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Health Care & Life Sciences / Life Science & Biotech

The worries of a hospital CEO

June 16, 2014

As I was working this month to nail down that Community Health Network and Eskenazi Health had, in fact, called off their highly touted partnership, I got hold of a presentation Community CEO Bryan Mills made in February to the leaders of his hospital system.

The 70-minute "State of the Network" presentation, which Community made available to employees via four videos, shows Mills talking candidly about where his hospital system is, where it needs to go and the biggest challenges it faces right now.

Those challenges are so great that Mills said he and his managers briefly discussed--though never seriously pursued--the possibility of laying off 1,000 people last summer because the system was barely breaking even until seeing a rush of patients in December. (Watch at about the 7:00 mark in the video below.)

The other major hospital systems operating in Indianapolis—Indiana University Health, St. Vincent Health and Franciscan Alliance—all announced layoffs of roughly 900 positions last year.

There are also new challenges emerging that threaten the foundation of a hospital system's business. Namely, hospital executives know the high-priced, low-convenience model they've been running for years is ripe for disruption from retailers and employers—organizations that, until now, have been only on the periphery of health care.

"If I asked you right now, who are our competitors who are the competitors of Community Health Network, I bet you would say IU Health, St. Vincent’s Health and Franciscan, primarily. Those are the three primary competitors," Mills said.

But then he set his listeners straight.

"Walgreens, Wal-Mart, CVS, employer clinics, Target, that’s who our competitors are," Mills said, saying the health care clinics operated by those entities are capturing more and more of the walk-in patient visits that physicians and hospital systems used to own. "We’ve partnered with Walgreens," Mills added. "We’re far better partnering than we are trying to compete. They’re not going to go away. They’re probably 50,000 times our size."

In addition to partnering, Mills also said Community would begin posting its retail prices and quality metrics for about 20-25 common retail items, such as physician office visits, a session of physical therapy, an MRI scan.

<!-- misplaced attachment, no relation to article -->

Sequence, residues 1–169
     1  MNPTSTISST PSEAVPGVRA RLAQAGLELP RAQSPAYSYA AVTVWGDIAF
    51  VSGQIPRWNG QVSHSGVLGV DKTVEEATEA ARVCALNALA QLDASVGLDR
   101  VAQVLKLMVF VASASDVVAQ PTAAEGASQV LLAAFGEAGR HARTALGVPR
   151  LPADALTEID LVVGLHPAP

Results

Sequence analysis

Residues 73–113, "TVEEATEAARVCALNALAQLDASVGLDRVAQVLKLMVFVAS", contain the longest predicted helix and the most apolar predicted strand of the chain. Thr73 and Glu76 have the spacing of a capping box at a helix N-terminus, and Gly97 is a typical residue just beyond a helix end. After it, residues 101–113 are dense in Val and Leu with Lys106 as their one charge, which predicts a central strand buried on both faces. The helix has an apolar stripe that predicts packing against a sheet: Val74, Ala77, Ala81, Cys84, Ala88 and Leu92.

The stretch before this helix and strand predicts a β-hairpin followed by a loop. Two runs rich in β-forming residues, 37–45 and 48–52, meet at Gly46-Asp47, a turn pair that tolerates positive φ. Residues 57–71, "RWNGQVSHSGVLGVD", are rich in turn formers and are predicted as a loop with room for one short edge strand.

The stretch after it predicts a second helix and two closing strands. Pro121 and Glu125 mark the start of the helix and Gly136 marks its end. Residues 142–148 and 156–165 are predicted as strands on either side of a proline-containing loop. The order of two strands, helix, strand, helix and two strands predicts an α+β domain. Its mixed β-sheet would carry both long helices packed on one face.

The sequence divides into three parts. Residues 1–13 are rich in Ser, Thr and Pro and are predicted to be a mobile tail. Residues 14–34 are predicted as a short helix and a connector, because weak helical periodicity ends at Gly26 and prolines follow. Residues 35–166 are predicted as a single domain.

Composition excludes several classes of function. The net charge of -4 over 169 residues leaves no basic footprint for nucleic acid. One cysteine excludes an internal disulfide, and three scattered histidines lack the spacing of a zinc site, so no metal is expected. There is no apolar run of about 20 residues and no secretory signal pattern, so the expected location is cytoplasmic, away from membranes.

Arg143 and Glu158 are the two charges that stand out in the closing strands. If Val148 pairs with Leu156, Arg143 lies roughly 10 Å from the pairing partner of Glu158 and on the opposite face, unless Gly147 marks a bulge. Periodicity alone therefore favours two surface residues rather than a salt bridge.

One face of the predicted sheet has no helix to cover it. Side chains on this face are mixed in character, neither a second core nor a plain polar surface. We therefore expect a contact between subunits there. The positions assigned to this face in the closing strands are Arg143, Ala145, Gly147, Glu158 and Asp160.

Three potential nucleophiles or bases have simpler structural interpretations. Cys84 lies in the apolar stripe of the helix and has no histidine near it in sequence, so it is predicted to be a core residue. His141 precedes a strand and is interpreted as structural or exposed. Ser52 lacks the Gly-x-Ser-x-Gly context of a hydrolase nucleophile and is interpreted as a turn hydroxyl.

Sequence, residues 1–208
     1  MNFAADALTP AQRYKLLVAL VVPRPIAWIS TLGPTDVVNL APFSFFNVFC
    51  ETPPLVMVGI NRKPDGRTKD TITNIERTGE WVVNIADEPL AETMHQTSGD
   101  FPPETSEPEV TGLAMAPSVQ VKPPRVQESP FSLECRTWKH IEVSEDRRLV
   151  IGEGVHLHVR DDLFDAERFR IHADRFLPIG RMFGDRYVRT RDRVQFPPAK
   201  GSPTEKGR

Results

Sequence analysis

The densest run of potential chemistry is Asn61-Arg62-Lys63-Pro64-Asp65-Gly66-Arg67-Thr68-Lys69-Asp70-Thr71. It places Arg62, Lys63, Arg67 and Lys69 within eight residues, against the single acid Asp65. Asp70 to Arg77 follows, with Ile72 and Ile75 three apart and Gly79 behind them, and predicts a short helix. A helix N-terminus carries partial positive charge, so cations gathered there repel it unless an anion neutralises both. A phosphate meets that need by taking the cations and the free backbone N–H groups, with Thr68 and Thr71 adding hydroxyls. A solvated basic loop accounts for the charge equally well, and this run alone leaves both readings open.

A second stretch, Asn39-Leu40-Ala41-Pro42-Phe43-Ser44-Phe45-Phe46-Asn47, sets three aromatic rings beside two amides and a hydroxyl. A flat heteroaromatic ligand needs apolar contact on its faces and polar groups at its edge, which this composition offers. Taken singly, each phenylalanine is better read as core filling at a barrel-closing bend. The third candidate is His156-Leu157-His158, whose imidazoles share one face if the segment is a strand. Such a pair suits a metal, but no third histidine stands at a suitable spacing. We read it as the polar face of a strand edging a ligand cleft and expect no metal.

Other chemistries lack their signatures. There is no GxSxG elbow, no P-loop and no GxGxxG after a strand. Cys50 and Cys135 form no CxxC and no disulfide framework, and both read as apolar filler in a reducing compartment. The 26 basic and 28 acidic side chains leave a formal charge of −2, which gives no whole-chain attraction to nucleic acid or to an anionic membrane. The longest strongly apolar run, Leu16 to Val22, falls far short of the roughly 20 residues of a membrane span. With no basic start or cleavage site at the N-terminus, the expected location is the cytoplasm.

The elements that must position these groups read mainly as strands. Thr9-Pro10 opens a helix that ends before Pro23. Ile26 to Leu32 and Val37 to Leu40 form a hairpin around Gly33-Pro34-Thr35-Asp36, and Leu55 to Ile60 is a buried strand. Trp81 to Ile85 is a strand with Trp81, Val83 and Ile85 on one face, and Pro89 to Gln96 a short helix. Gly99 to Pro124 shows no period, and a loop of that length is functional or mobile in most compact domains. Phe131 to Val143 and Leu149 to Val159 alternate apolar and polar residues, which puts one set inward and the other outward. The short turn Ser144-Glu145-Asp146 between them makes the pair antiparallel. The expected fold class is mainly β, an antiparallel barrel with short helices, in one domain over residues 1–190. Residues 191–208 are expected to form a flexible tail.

'There are about 20 to 25 items that people shop on these things, and we’ve got to be price competitive," Mills said. "And we’re not going to raise the prices on any of them. Guaranteed."

(You can watch these comments at the beginning of the video below.)

Employers are the other big threat to Community and hospitals like it. Mills said—and I have heard other health care executives say this too—that employers are increasingly looking to become active purchasers of health care. Until now, they have just been purchasers of discounts negotiated by health insurers such as Anthem Blue Cross and Blue Shield, the Indiana subsidiary of WellPoint Inc.

But that is changing, Mills said. He predicted employers would start operating their own private insurance exchanges for their workers. These private exchanges might present health plans selected via a bidding process among hospital systems or other groups of health care providers. The state of Indiana, which has about 36,000, is looking at this approach already, Mills said.

"These private exchanges are going to say, 'We’re going to take my 36,000 employees, and I’m going to start shopping for health care. These 36,000 people are going to need 100,000 office visits and 5,000 surgeries and 100 days in hospital. ... So I’m just going to line up all the people to provide this and say, "Give me a price."'"

"That changes health care like that," Mills added. (Watch at about the 6:00 minute mark in the Mills4 video above.)

But Mills thinks Community can adapt to that change by engaging directly with self-funded employers, not just by working through health insurers.

"We’re going to work with them. We’ve got to go hands on to make sure that works," Mills said of employers, saying Community would offer easier access and assign nurse managers to specific employers and their workers to improve the health of people with chronic diseases. "That’s a key piece of our strategy, is to make sure we form these direct relationships with the employer and their employees, and not just and make sure we get them through the insurer."

Mills said Community has a head start on other hospital systems, because it has pushed recently to ramp up patient access. In fact, Community was the only hospital system to see a general increase in patient volumes last year. (You can see Mills discuss Community's 2013 performance as well as his explanation of the breakdown in merger talks with Eskenazi, in the video below.)


 

But even the nature of "patient visits" is changing, Mills noted, with far more encounters happening via telehealth services or by providers going to work sites, retail clinics and other places that are more convenient for patients to receive care.

"Many of the patients that receive care in this system will never go to a facility. Never," Mills said in the video below. "And the ones that go to facilities, particularly inpatient, are going to be ones that are very, very, very sick. But that’s going to continue to be a shrinking market."


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